Staunton, April 8 – Aleksandr Pyzhikov, a historian at the Presidential Academy of Economics and State Service and someone who has worked closely with the Moscow elite for 20 years, has published what US-based Russian historian Irina Pavlova calls “an ideological justification for a new great terror.”
Pyzhikov’s article entitled “A Change of Elites is Inevitable” appeared in Moskovsky komsomolets on Thursday (mk.ru/politics/2017/04/06/smena-elit-v-rossii-neizbezhna.html). Pavlova’s analysis of it appears today on her blog at ivpavlova.blogspot.com/2017/04/blog-post_8.html#more).
Pavlova argues that Pyzhikov’s article reflects the hysterical tide of anti-Americanism in Moscow and the notion among many in the Kremlin that the Russian leadership must adopt “a program of modernization which in contemporary Russian conditions can be a modernization only of a Stalinist type” and involve massive changes in cadres.
The Moscow historian, she continues, seeks to put “in ideological form the attitudes of that part of the Moscow elite which does not simply support the Kremlin’s current course but seeks its logical conclusion” by the carrying out “not only of socio-economic but in the first instance cadres changes.”
In his article, Pyzhikov shows himself to be a support of Stalin who he suggests “conducted ‘a patriotic policy’ and asserted ‘national ideological principles’ in opposition to the international policy of the old Leninist guard and who in order to strengthen this course came to recognize the need for removing the former elite.”
Pyzhikov “does not simply offer analogies between ‘the old Leninist guard’ and the elite of the 1990s and between today’s ‘patriotic policy’ of President Putin and Stalin’s policy of the middle of the 1930s.” He directly asserts that patriotism must be “the central element of renewal” now just as it was 80 years ago.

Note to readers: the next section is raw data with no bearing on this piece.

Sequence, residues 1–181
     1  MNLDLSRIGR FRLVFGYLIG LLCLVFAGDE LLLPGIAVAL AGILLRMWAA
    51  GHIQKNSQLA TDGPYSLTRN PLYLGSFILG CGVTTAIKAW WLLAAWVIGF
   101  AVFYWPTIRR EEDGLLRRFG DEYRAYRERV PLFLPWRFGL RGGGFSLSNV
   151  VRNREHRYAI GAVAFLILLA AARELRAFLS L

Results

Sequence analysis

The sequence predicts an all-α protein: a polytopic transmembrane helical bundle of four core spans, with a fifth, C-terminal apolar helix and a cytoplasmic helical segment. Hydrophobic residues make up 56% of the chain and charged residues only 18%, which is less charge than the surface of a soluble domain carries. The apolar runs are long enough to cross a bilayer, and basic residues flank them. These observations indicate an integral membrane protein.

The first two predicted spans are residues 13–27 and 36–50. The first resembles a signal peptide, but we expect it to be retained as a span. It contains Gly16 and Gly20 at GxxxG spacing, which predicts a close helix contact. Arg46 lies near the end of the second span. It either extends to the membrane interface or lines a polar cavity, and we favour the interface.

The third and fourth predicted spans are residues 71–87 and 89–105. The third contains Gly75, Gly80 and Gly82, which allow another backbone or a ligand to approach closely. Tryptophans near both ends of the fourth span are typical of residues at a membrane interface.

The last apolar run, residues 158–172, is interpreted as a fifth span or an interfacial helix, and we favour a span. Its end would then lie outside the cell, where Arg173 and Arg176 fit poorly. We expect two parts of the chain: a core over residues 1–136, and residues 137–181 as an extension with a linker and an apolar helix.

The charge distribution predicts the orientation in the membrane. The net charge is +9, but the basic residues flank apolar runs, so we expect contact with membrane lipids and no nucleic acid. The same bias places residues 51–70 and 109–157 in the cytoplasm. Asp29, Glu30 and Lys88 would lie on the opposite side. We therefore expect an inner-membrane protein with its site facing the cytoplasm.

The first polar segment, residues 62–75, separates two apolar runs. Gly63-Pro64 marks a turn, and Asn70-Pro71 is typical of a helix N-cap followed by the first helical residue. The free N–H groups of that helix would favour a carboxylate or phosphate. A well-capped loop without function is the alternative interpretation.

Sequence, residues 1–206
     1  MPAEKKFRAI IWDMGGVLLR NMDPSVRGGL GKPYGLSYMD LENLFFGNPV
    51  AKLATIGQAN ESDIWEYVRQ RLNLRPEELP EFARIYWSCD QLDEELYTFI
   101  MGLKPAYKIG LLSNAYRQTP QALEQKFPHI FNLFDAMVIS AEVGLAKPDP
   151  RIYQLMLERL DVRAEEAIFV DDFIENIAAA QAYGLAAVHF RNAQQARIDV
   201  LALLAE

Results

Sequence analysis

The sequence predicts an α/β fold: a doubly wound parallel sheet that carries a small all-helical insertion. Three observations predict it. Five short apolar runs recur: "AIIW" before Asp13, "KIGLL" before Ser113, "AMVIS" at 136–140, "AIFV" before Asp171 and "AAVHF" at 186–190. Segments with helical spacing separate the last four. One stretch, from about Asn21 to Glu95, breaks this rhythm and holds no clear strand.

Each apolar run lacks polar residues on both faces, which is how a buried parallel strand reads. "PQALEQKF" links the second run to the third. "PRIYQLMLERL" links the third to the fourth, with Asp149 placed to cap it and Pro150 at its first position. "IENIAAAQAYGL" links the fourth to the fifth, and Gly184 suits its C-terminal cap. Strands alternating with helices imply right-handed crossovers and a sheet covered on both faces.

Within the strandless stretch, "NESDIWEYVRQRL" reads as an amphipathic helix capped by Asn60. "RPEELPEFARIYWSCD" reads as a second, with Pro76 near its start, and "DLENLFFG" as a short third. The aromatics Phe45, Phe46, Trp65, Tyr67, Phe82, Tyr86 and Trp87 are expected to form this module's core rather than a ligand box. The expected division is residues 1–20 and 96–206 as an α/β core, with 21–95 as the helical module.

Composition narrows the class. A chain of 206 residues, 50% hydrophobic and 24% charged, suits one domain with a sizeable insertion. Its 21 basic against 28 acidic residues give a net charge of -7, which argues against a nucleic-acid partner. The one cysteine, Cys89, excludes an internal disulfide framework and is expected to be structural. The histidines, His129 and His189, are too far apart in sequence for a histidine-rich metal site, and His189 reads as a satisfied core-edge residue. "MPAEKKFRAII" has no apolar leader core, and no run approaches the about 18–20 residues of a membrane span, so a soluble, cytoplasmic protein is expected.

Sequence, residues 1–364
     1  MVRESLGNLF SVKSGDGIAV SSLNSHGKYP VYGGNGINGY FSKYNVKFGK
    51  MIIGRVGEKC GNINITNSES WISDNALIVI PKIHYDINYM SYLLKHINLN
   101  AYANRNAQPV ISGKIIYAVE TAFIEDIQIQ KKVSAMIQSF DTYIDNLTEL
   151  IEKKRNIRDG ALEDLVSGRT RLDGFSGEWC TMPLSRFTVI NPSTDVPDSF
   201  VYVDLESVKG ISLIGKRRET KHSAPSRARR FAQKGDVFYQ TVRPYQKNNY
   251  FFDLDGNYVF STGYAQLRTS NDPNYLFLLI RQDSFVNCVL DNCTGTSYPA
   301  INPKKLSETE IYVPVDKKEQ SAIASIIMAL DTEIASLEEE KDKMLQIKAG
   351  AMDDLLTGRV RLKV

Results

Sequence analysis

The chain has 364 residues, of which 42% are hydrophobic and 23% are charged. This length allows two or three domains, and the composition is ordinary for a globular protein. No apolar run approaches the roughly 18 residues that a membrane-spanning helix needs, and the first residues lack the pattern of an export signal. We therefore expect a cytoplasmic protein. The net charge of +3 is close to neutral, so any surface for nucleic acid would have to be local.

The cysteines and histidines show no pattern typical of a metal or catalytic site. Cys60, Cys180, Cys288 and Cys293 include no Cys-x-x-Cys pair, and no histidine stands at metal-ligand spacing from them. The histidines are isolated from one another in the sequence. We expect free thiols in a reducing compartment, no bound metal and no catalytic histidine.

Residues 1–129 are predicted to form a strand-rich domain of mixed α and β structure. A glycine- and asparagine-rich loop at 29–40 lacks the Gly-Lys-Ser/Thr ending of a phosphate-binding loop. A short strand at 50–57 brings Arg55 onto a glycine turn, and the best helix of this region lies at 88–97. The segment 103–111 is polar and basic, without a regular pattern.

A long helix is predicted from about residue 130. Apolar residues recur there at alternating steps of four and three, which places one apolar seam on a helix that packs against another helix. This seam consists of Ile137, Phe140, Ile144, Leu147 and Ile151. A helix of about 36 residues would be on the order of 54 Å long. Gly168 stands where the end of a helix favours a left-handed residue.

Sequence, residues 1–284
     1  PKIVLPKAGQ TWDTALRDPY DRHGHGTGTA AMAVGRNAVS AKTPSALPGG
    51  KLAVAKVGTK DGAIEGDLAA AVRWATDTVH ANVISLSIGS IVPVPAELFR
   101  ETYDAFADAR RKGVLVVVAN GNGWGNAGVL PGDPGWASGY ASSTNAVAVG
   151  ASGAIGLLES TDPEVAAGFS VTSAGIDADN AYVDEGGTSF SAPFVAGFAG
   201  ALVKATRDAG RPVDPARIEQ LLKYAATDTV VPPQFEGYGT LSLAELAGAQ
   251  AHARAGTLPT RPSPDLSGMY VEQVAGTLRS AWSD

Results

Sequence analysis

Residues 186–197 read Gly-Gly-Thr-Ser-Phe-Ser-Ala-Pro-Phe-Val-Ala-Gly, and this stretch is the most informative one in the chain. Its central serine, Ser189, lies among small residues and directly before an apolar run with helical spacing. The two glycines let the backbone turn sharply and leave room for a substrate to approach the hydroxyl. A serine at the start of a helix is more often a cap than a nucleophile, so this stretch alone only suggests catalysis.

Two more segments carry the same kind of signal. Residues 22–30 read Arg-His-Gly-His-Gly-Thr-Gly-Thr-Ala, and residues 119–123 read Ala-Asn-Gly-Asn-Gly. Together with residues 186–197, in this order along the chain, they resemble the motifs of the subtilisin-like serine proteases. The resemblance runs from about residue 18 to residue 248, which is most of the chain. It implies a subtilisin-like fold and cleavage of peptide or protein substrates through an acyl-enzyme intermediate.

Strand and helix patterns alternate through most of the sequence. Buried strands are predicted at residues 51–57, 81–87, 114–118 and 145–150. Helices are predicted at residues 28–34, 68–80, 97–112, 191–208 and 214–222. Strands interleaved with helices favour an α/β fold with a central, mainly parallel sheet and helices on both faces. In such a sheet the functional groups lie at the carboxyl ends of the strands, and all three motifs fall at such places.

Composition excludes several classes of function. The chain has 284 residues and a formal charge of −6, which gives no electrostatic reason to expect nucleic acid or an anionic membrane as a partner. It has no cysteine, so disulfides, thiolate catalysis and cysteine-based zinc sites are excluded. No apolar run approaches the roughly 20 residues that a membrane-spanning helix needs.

This renewal, he continues, “must occur in “all spheres: domestic politics and as its extension foreign. A principled position in the international arena, an open break with the liberal tradition, and a reduction of corruption.” It isn’t clear from Pyzhikov’s article, Pavlova says, whether he sees Putin or someone else as the leader to carry all this through.
But what is clear, Pavlova says, is that the Moscow historian believes in what he calls “a genuine gospel of change” that involves the idea that “it is shameful to be rich when millions alongside are living in poverty” and that around a leader who will promote that idea “a new elite must be formed.”
“Dreaming about a new Great Terror,” Pavlova argues, “Pyzhikov doesn’t note that it is already going on in the form of het arrests of governors and unsuitable siloviki. The cause of his nearsightedness is that he is focused on another stratum of Russian society. In his presentation, ‘the old Leninist guard of today’ is the elite of the 1990s: the systemic liberals.”
If I were one of those people who now are in power or near it, the US-based historian says, I would be worried about my future.